SET AGAINST THE diverse Mexican topography of jungle, mountain, desert and seashore, noted architectural photographer Tim Street-Porter's new book, "Casa Mexicana," reveals the astounding variety and beauty of Mexican homes. More than 350 photographs offer a fresh look at the architecture and interior design of Mexico and reveal our debt to California's early Mexican heritage.
Wherever they are found, Mexican houses mirror their unique heritage of Indian and European cultures--Toltec, Maya, Spanish and French. Each chapter examines the country's diverse architecture through its past cultural heritage. The vernacular style of one-room trojes (wooden houses), haciendas and Colonial styles were brought by the Spanish. In the late 19th Century, neoclassical French mansions along the Paseo de la Reforma were designed by Maximilian. Contemporary Mexican architecture of Luis Barragan and his heirs is also splendidly documented.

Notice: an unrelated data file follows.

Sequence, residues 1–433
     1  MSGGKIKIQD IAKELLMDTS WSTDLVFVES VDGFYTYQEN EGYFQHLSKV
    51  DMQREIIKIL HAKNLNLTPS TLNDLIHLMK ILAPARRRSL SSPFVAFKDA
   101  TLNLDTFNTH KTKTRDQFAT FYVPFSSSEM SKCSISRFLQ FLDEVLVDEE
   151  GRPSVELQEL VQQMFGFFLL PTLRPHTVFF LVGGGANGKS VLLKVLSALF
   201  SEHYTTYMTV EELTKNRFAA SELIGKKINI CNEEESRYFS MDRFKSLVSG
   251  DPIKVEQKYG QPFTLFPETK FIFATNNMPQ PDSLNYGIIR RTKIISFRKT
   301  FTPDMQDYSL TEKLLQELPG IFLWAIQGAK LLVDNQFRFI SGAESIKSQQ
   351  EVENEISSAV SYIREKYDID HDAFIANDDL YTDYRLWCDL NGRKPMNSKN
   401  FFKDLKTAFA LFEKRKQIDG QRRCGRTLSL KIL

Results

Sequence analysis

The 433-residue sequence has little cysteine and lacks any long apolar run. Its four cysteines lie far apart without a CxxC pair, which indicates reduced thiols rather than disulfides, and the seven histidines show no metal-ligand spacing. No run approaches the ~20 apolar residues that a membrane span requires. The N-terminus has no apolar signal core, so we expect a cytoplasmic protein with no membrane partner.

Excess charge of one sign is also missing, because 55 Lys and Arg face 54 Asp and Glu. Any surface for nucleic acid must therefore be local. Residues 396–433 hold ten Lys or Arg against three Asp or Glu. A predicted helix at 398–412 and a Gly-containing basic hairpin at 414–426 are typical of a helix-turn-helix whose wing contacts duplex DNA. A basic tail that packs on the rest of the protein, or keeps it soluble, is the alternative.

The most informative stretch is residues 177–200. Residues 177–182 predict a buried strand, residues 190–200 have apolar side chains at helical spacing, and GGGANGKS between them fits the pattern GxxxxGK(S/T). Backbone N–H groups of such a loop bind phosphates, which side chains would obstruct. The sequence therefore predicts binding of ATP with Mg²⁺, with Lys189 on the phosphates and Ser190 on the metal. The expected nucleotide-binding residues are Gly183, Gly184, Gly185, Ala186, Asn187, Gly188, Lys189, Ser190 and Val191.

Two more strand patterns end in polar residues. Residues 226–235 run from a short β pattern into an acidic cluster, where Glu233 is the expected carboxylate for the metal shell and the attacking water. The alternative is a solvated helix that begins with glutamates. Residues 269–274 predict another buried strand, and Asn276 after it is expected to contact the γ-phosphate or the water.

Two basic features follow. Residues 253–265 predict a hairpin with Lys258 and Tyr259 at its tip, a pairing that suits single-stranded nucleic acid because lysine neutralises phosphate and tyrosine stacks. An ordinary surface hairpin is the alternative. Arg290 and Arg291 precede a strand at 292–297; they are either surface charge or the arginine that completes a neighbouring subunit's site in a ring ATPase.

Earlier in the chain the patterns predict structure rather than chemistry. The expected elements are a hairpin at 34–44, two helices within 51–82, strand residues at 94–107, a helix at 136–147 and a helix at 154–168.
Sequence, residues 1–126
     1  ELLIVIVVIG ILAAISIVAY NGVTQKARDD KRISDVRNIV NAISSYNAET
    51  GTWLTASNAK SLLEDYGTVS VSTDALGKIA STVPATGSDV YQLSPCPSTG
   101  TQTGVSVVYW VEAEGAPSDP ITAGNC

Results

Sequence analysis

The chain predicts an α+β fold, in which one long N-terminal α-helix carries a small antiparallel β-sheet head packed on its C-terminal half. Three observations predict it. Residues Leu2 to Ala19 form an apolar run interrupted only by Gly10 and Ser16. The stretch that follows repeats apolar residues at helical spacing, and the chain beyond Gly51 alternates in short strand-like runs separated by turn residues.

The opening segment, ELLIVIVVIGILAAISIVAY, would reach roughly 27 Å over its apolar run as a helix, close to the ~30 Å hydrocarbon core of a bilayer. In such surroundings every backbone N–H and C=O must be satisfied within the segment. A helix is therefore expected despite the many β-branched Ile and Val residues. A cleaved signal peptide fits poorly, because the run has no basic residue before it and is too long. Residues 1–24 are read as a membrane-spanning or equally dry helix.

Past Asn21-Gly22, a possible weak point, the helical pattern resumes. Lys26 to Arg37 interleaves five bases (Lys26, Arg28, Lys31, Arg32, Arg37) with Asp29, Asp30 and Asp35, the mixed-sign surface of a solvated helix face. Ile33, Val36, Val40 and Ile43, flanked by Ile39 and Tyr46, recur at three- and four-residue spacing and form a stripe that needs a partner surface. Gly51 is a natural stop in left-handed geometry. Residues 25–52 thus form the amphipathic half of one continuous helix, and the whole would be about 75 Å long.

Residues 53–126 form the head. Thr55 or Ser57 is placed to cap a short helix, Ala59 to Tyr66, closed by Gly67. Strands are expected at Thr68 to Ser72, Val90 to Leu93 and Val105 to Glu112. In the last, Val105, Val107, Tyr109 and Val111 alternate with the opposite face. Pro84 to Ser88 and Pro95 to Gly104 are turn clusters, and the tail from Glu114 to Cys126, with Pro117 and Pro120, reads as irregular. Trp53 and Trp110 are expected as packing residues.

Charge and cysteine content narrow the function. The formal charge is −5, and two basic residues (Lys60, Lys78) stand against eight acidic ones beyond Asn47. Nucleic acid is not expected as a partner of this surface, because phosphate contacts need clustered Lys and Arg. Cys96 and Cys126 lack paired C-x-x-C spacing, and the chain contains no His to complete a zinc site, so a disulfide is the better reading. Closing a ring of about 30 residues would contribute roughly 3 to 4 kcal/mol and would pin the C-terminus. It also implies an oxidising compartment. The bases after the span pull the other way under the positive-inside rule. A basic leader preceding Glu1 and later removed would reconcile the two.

Perhaps the most relevant chapter for the Southern Californian shows the influence of Mexican art and design on local residences from Spanish Colonial bungalows to the ranch-style houses of Cliff May. The use of color "for the sheer pleasure of using and enjoying it" becomes a major theme for Peter Shire of Milan's Memphis group ceramics, Jon Bok's folk art furniture--a blend of Mexican and American primitive--and graphic designer Mick Haggerty's '50s bungalow, decorated with vivid shades purchased in a Tijuana paint store. ($45)